Through drummer Carlo Little, who'd also been in The Crusaders, Abrahams played in The Savages, behind Screaming Lord Sutch, for a while, before reverting to a locally based group, Yensons Trolls, which had organist Jimmy Ledgerwood (now running Paiste Cymbals in Germany somewhere), Andy Pyle on bass, and Clive Bunker on drums ... and he stayed with them until the start of 1966, when he and Bunker moved to Manchester to join The Toggery Five, a bunch of exiled Lutonians who had a pretty strong following in the north and on the continent.
"We came back to Luton around Christmas 1966, when The Toggery Five fell to bits — as it had to, and started a new group with Pete Fensome on vocals, Andy Pyle on bass, Clive Bunker on drums, me on guitar ... that was McGregor's Engine."
For most of 1967, McGregor's Engine was the cat's whiskers in Luton, achieving huge local status as a result of their wild, solid-packed gigs at the beachcomber at Chaul End, and the Purple Door in Upper George Street (formerly the Tudor Coffee Bar, which had housed one of [Pete] Frame's legendary folk clubs 2 years earlier).
"Looking back, I don't think we were any great shakes," says Abrahams, "but at least we were playing something original ... and I was playing what was regarded locally as pretty interesting guitar."
Indeed he was; hardly a week went by without the local newspaper, the Tuesday Pictorial, making some reference to Mick Abrahams or McGregor's Engine.
Abrahams: "One night in October, I walked into the Beachcomber, s I often did, and had a look at the band — who happened to be John Evan's Smash. They were pretty good, and had this intriguing singer who peppered the set with bursts of flute playing ... and afterwards, we got into a long conversation which culminated in Ian asking me if I wanted to join the band. They'd heard about me, apparently, and reckoned I was the bloke they needed to help them break out of the circuit they'd become rutted into.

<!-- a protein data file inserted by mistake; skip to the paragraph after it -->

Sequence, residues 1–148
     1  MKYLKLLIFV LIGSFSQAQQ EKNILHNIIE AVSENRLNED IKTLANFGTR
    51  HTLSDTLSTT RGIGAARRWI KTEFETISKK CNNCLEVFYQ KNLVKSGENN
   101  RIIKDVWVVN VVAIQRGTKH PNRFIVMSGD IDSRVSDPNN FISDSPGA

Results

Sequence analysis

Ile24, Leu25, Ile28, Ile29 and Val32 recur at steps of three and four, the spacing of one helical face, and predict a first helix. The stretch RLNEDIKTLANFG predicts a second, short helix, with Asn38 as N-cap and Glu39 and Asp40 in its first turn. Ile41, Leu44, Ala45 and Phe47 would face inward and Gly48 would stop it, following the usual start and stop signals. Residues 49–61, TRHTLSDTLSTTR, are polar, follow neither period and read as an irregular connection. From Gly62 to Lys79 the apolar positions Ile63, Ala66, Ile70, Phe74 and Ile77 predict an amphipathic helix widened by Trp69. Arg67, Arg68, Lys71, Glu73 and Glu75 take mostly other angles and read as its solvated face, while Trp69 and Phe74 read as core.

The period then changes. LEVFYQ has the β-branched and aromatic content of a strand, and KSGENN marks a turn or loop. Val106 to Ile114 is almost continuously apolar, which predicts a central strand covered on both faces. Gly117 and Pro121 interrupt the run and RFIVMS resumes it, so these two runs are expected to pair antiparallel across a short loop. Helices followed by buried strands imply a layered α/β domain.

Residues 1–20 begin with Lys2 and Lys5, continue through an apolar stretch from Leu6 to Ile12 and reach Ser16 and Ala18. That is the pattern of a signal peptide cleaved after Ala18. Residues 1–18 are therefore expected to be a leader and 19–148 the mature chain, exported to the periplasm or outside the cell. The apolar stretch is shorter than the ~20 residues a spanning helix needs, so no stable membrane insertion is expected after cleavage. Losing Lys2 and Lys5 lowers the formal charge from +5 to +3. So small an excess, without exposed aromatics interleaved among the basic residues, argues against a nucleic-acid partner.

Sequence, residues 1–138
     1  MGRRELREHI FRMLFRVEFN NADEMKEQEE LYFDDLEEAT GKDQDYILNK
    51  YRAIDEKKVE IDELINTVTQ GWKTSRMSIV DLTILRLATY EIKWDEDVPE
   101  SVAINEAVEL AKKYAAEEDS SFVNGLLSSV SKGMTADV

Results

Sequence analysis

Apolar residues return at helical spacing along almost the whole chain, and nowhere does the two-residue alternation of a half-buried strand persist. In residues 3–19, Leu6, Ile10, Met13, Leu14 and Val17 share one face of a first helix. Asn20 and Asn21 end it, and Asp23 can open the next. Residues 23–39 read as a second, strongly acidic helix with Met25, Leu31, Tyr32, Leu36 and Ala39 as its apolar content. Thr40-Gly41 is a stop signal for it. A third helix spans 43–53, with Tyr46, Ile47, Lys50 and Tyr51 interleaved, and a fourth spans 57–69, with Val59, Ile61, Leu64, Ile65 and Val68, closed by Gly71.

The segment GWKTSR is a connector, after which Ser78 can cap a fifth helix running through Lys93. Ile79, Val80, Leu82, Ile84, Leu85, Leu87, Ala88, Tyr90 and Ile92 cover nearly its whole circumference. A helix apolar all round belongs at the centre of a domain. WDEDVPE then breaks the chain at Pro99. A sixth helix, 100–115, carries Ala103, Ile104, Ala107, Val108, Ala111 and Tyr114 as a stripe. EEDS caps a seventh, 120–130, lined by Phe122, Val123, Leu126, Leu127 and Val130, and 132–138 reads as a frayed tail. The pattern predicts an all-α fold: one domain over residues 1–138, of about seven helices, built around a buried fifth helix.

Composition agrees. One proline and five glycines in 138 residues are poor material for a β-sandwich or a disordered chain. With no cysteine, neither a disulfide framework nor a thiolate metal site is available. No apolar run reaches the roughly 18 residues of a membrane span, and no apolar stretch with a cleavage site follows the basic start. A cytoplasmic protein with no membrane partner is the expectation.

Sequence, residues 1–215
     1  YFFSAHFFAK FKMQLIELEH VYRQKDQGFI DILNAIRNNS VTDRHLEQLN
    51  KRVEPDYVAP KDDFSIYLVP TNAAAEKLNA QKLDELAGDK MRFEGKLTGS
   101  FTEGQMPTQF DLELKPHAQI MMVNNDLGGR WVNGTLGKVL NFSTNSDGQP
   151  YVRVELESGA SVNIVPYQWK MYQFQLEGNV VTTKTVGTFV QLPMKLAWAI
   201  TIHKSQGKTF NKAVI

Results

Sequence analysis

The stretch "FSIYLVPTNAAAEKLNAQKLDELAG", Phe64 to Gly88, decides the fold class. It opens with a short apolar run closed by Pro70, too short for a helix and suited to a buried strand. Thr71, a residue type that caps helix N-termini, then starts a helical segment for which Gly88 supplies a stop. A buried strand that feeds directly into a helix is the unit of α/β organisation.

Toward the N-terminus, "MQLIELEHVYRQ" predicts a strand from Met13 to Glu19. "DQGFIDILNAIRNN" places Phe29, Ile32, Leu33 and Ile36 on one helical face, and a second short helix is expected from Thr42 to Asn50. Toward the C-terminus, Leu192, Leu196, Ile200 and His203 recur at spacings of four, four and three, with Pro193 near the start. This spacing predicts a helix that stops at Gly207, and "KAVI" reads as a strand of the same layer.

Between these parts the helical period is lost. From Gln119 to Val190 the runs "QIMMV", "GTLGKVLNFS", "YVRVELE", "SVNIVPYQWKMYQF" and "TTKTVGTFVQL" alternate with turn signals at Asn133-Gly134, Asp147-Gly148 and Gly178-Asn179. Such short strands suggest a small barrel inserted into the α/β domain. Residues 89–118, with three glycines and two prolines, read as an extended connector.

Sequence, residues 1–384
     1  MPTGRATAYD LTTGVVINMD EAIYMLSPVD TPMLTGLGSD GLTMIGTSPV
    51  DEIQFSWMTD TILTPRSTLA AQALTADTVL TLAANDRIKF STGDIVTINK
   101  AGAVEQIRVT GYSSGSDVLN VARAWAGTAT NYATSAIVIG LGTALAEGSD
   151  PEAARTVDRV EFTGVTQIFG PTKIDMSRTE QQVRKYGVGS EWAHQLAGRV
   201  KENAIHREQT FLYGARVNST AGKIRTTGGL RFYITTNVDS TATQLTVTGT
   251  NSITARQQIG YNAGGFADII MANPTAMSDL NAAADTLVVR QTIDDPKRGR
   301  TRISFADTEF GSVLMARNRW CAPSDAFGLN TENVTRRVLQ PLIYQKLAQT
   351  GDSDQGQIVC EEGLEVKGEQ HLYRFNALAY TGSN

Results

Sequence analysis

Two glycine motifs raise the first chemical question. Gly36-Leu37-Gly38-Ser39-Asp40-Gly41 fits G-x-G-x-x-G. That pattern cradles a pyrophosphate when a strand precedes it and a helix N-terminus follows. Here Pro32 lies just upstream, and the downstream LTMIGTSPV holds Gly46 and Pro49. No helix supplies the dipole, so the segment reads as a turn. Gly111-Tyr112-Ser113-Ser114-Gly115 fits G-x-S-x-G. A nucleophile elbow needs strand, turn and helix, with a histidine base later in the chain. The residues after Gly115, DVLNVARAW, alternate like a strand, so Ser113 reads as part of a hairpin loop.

"I said I'd be happy to join, because McGregor's Engine was beginning to run out of steam at that point, but I told them there was no way that I was going to move to Blackpool or even to London — because I had a good job in Luton, and was not about to chuck it up to become a pop star ... I'd been all through that before."
The only alternative was obvious: if they wanted Abrahams, they would have to move to Luton ... which is what they did.
Cornick: "We got back to Blackpool after that gig, Chick Murray left the band, and Ian got on the phone to Chris wright ..... told him we'd got this great new blues guitarist who leaps around, pulls faces and does all the other things — so Chris told us to move down and he said he'd try to get us some work.
"We did a few gigs, as a seven piece, but the money ran out almost immediately ... we simply couldn't make ends meet on our pitiful income — so we had a meeting, during which everything came to a head: Ranger decided to pack it in — partly because he was finding it such a drag to get back to his Jehovah's Witness meetings, and the other sax player left too. John Evan decided he didn't want to stick around, and he opted to continue his studies — he'd always wanted to study physics, so he went off and did that ... he couldn't envisage the band ever making it. Neither could Barrie Barlow; he had a girlfriend back home and he left the band too ..."
By November 1967, two weeks after they'd set off on the road to stardom — they were down to 3: Ian Anderson, Glenn Cornick, and Mick Abrahams, who brought in his old mate Clive Bunker on drums ... whereupon they became an "out and out blues band, but with a distinctive style and sound because of Ian's flute" Abrahams points out.
The next few months were bleak: having nowhere else to go, Ian managed to get himself invited to the Abrahams household for a spot of turkey and warmth — otherwise it would have been a miserable Christmas indeed (unlike the following year when Anderson cut a Christmas single, from which Abrahams was specifically excluded).
Unable to score any social security, Anderson was obliged to seek a job which might supplement his gig income to the extent that he could just about eat and pay his rent — and unable to find openings in either brain surgery or nuclear physics, he was obliged to take employment as a lavatory cleaner at the Savoy Cinema, bang in the centre of town ... and thus he entered that state which most superstars are forced to endure at one time or another — a state known in the biz as 'paying one's dues'. Anderson, of course, was paying not only his dues, but those of his erstwhile cohorts who weren't prepared to endure such humiliation and deprivation, but were only too happy to roll back a few years later when Jethro were riding the charts.